The History of Ignoring Pandemic Precautions

Author | J. Alexander Navarro

Two soldiers on campus on Armistice Day, November 11, 1918. One is wearing a mask due to the flu pandemic. Part of the Caroline Maier photograph collection, U-M Bentley Historical Library.

Picture the United States struggling to deal with a deadly pandemic.

State and local officials enact a slate of social-distancing measures, gathering bans, closure orders, and mask mandates in an effort to stem the tide of cases and deaths.

The public responds with widespread compliance mixed with more than a hint of grumbling, pushback, and even outright defiance. As the days turn into weeks turn into months, the strictures become harder to tolerate.

Theater and dance hall owners complain about their financial losses.

Clergy bemoan church closures while offices, factories, and in some cases even saloons are allowed to remain open.

Officials argue whether children are safer in classrooms or at home.

Many citizens refuse to don face masks while in public, some complaining that they're uncomfortable and others arguing that the government has no right to infringe on their civil liberties.

As familiar as it all may sound in 2021, these are descriptions of the U.S. during the deadly 1918 influenza pandemic. In my research as a historian of medicine, I've seen again and again the many ways our current pandemic has mirrored the one experienced by our forebears a century ago.

Many people want to know when life will go back to how it was before the COVID-19 pandemic. History isn't an exact template for what the future holds. But the way Americans emerged from the earlier pandemic could suggest what post-pandemic life will be like this time around.

Sick and tired, ready for pandemic's end

Like COVID-19, the 1918 influenza pandemic hit hard and fast, going from a handful of reported cases in a few cities to a nationwide outbreak within a few weeks. Many communities issued several rounds of various closure orders in an attempt to keep the disease in check.

These social-distancing orders worked to reduce cases and deaths. Just as today, however, they often proved difficult to maintain. By the late autumn, just weeks after the social-distancing orders went into effect, the pandemic seemed to be coming to an end as the number of new infections declined.

People clamored to return to their normal lives. Businesses pressed officials to be allowed to reopen. Believing the pandemic was over, state and local authorities began rescinding public health edicts. The nation turned its efforts to addressing the devastation influenza had wrought.

The vast majority of Americans, taking their cues from officials who had prematurely declared an end to the pandemic, hurried to return to their pre-pandemic routines. They packed into movie theaters and dance halls, crowded in stores and shops, and gathered with friends and family.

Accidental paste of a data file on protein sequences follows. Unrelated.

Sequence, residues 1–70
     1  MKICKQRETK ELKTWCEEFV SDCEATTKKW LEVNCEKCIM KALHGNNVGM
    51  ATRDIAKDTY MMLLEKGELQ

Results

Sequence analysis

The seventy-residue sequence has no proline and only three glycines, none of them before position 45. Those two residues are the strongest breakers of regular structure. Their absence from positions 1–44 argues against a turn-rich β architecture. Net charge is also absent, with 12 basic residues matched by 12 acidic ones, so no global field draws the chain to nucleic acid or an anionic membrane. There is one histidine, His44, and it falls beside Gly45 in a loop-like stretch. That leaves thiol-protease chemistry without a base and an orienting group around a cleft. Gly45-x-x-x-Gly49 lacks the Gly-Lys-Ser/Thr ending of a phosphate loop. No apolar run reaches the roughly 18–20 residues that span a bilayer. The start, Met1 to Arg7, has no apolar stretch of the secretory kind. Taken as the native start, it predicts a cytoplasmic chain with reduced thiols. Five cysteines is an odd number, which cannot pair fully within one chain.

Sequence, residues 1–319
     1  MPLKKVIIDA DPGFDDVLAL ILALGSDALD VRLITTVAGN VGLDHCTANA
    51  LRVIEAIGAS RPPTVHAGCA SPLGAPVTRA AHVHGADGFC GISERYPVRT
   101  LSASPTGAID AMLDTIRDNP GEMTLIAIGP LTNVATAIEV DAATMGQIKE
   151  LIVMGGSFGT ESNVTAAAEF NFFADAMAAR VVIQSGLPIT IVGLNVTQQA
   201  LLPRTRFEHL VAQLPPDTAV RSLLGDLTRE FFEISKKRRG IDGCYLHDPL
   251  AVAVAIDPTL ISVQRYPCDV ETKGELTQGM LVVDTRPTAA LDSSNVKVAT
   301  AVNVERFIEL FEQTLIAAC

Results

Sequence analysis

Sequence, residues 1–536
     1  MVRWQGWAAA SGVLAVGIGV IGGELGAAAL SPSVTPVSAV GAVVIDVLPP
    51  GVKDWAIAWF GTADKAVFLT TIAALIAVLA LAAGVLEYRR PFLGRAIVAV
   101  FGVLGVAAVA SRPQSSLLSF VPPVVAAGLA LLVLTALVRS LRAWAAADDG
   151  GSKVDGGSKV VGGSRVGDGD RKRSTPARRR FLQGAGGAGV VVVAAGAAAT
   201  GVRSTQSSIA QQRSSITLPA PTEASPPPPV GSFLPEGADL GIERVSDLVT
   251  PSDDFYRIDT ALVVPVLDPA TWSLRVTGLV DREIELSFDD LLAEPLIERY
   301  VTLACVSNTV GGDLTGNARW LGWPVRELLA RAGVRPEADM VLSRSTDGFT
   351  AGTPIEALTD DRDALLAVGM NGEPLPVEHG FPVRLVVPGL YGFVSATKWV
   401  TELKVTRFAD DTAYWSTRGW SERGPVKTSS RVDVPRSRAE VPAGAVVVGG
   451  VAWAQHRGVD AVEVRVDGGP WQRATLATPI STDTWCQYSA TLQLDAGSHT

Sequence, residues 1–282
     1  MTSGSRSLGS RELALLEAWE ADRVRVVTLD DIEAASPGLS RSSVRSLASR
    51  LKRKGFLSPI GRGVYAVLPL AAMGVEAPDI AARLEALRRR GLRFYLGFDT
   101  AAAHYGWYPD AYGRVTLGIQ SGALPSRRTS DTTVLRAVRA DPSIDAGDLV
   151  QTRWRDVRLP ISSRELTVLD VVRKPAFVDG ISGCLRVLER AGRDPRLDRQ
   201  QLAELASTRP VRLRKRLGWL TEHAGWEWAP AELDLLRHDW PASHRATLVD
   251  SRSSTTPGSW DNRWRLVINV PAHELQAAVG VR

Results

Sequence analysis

Officials had warned the nation that cases and deaths likely would continue for months to come. The burden of public health, however, now rested not on policy but rather on individual responsibility.

Predictably, the pandemic wore on, stretching into a third deadly wave that lasted through the spring of 1919, with a fourth wave hitting in the winter of 1920. The nation carried on, inured to the toll the pandemic had taken and the deaths yet to come. People were largely unwilling to return to socially and economically disruptive public health measures.

It's hard to hang in there

Our predecessors might be forgiven for not staying the course longer. First, the nation was eager to celebrate the recent end of World War I. Second, death from disease was a much larger part of life in the early 20th century, and scourges such as diphtheria, measles, tuberculosis, typhoid, whooping cough, scarlet fever, and pneumonia each routinely killed tens of thousands of Americans every year. Finally, there were no effective flu vaccines to rescue the world from the ravages of the disease.

If we have anything to learn from the history of the 1918 influenza pandemic, as well as our experience thus far with COVID-19, however, it is that a premature return to pre-pandemic life risks more cases and more deaths.

And today's Americans have significant advantages over those of a century ago. We have a much better understanding of virology and epidemiology. We know that social distancing and masking work to help save lives. Most critically, we have multiple safe and effective vaccines that are being deployed.

Sticking with all these coronavirus-fighting factors or easing off on them could mean the difference between a new disease surge and a quicker end to the pandemic.

This article is republished from The Conversation under a Creative Commons license. Read the original article. J. Alexander Navarro, Ph.D., is assistant director of the Center for the History of Medicine at the U-M Medical School.

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